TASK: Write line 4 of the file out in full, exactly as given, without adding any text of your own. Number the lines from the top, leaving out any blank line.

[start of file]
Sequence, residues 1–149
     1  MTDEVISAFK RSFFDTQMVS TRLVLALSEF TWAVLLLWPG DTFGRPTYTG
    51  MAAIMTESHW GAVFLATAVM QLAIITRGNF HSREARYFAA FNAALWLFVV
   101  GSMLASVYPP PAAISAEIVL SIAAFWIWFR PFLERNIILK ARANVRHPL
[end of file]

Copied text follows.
   101  GSMLASVYPP PAAISAEIVL SIAAFWIWFR PFLERNIILK ARANVRHPL